Not unoften in the complicated world of connections that you’ll find the same connector type doing different jobs. It is important to know that just because the connection looks the same doesn’t mean that it carries the same signal or that the wire for the cable is the same. Let me give you a few examples:
XLR Connectors: These can be analog audio, digital audio (AES/EBU, AES3), or DMX lighting control. (Digital and DMX have very similar standards for wire, so we can group those together and just say digital from here on out.) For analog and digital, the wire looks very similar, it is a twisted pair shielded wire. The concern with digital is it requires a very precise standard of 110 or 120-ohm characteristic impedance. Not to get too far into the weeds, basically, it means it carries high-frequency data very well. Because the digital wire is similar to analog wire, you can use digital wire for analog, but you can not use analog wire for digital.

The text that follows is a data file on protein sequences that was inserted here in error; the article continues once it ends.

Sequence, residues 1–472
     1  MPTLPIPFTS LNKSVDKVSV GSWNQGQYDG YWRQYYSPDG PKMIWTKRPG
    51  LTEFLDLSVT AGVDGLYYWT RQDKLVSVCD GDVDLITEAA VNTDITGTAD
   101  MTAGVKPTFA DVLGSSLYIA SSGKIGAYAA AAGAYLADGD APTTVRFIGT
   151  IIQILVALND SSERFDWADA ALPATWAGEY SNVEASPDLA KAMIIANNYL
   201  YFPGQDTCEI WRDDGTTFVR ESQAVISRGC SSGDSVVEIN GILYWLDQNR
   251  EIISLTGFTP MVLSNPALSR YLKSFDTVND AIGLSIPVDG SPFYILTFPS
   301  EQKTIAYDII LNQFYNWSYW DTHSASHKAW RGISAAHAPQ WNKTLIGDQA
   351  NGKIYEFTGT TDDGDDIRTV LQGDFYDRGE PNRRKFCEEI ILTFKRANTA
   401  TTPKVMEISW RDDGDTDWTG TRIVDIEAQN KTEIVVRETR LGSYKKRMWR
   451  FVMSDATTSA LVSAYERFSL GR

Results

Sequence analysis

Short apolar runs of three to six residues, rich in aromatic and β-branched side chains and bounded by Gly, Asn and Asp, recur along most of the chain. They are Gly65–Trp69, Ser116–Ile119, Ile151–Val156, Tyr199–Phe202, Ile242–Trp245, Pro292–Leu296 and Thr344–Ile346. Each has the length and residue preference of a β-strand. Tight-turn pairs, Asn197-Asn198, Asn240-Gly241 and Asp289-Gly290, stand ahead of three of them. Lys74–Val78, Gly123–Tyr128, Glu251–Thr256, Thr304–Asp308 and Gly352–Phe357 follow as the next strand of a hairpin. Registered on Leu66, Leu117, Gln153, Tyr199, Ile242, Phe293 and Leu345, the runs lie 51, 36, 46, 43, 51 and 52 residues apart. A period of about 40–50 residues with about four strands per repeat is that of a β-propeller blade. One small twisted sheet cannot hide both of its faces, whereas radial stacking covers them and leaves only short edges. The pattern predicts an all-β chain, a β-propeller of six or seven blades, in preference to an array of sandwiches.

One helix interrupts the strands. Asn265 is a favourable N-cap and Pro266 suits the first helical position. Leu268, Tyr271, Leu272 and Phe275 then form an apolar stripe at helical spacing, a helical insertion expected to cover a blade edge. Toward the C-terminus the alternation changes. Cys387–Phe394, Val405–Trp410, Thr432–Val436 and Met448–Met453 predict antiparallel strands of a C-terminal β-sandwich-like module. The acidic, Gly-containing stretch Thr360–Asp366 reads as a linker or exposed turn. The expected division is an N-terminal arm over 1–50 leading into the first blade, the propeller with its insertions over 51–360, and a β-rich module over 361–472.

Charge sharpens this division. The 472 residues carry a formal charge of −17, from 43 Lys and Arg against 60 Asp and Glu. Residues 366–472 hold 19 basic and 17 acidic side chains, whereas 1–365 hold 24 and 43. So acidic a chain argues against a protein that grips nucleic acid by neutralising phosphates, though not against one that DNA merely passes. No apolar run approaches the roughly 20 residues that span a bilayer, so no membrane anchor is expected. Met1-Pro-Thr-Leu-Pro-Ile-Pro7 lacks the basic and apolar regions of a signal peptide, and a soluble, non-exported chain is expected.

We have them separated for easy shopping:
RCA Connectors: A very similar problem can be found here, too, because you have analog audio, digital audio (SPDIF), and video. In this case, the base wire is a single conductor shielded wire in a coaxial format, but digital and video require a standard of 75-ohms. Also, like before, the digital-video wire can be used for analog, but analog should not be used for digital or video.
That just barely scratched the surface, and I’ll save 1/4″ TS and TRS for another day. I just want my main takeaway to be: there are differences in wire, and not all cables are alike, don’t assume because it has the right connectors, it is the right cable for the job. And we’re happy to talk it through with you to make sure you get the correct one! (Contact Us)